I am completely frustrated as well. I have a cleint who has all negatives and a whole page of 5 stars that are current but now shown. Her business has been hurt by this process and we all suspect foul play. We have spend thousands of dollars to get them fixed and it is out of control. The algorithms is really just another word for “show me the money”!

    • doomedby2020

      How did you get yelp reviews “fixed”?

  • martinw392

    if you see a yelp advertiser shoot them a negative review, that will change their mind about supporting yelp with their advertising dollars, yelp hurts us we hurt them back fair is fair. The war is on.

    • doomedby2020

      Yelp is the mafia engaging in extortion and you suggest hurting the victims even more?

      Businesses cannot avoid a listing on yelp. And when yelp oppresses their business with bad listings, all the owners can do to survive is pay yelp for advertising so as to improve their yelp rating.. This is very real and it is happening.

      • martinw392

        yes I agree that businesses on line presence gets taken hostage by yelp, but businesses DO NOT have to support them with advertising dollars!! It does not matter weather you advertise or not yelp will let anyone slam your business with negative reviews, just look at the “yelp ads” they have lots of one star negative reviews in first place, don’t be fooled into thinking that yelp will help you if the reviews are hurting you,, and this, my friends, is their weakness, we need to exploit this. By giving advertisers negative reviews this will prompt them to close their accounts with yelp then if you don’t see them advertising any more you can delete your comments to not hurt them any more. I don’t want to hurt a fellow business owner either but by them supporting yelp it hurts me, then I will hurt back, If this happens often enough businesses will stay away from yelp…, people we NEED TO FIGHT BACK!! I can NOT take this crap sitting down!!! FUCK YELP!!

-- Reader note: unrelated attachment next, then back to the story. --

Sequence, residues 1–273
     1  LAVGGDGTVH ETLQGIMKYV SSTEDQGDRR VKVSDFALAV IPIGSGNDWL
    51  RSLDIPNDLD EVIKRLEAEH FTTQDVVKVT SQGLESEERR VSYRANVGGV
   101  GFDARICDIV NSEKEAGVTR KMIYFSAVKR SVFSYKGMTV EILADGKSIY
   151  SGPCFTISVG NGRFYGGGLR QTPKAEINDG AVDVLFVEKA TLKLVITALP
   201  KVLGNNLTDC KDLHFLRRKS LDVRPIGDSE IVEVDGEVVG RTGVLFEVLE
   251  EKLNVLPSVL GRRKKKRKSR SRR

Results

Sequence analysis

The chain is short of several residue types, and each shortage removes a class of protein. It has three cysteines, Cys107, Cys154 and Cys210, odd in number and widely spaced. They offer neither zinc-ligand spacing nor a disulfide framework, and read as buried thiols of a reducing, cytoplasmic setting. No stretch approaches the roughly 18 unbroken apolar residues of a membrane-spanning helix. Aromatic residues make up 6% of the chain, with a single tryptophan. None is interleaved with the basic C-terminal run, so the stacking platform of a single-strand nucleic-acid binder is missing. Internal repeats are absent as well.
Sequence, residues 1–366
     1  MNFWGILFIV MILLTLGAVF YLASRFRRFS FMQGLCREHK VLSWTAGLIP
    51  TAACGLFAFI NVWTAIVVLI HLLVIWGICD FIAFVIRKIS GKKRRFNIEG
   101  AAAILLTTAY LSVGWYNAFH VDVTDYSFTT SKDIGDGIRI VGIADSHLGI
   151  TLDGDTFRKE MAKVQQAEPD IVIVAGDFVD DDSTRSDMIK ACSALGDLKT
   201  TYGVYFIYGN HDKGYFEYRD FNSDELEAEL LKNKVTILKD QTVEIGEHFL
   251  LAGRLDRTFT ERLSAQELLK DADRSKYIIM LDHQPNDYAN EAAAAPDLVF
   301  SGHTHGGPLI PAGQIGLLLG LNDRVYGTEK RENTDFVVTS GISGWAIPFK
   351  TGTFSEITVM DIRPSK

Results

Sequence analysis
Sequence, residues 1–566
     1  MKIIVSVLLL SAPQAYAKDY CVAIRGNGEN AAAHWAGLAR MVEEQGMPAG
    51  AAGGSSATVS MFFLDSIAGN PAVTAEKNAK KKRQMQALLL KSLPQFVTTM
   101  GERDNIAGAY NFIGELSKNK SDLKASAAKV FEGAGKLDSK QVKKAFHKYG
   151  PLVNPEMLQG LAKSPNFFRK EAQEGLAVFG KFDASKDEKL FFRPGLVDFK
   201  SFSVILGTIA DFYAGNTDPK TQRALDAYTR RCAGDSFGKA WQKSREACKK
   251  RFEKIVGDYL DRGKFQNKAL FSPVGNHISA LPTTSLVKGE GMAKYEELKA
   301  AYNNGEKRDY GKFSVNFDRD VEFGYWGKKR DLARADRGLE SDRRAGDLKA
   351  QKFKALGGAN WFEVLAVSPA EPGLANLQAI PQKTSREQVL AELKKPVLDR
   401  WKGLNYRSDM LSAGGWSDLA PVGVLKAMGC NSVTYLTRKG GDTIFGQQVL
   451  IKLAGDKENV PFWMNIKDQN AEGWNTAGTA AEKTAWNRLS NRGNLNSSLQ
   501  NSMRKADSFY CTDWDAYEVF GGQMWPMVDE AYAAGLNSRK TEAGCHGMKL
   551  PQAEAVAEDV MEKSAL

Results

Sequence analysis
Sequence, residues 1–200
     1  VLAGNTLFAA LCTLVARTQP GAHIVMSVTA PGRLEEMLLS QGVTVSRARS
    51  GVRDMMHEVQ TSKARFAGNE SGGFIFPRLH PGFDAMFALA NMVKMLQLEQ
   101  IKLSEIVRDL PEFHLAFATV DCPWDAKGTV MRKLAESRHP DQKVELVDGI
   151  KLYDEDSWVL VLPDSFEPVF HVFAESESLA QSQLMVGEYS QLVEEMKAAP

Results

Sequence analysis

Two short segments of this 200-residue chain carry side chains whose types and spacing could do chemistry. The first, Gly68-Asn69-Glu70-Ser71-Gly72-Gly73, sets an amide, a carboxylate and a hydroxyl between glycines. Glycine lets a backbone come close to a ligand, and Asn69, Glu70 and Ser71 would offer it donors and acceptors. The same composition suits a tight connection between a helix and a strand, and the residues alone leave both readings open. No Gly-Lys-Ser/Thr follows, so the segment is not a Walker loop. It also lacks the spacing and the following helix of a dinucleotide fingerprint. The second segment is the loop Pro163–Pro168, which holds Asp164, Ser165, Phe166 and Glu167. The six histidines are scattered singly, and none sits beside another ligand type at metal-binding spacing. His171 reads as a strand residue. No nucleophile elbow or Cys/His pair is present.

• doomedby2020

          “…this will prompt them to close their accounts with yelp”

          Businesses cannot avoid Yelp. They cannot “close their account”

          In fact, they never asked to be listed. They had no choice.

          “”businesses DO NOT have to support them with advertising dollars!!””

          If yelp is driving their business into the ground, ruining their life, they will do anything to stay in business.

          What is your stake in this? Do you have a business? Have you been hurt by Yelp?

          • martinw392

            Fuck yelp!! Any Yelp advertisers will get hit with negative reviews, have some self respect and stop supporting and negotiating with the terrorist! Enough talk! time for action now!! FUCK YELP!!

  • doomedby2020

    “”Yelp denies it vehemently, citing a lack of evidence “”

    Plenty of evidence, no laws by which to prosecute Yelp.

    I had 9, five-star filtered reviews hidden on my listing. I can have all 9 of those clients give yelp proof they are the recipients of a bathroom remodel by me and that their reviews were genuine. Yelp is not interested in the truth, they have no appeals process.
    They took these reviews and left my only bad review. They did this in one day. They also did this after I declined to advertise with them for the sixth time.

  • doomedby2020

    Don’t you have to get back your job selling Yelp ads?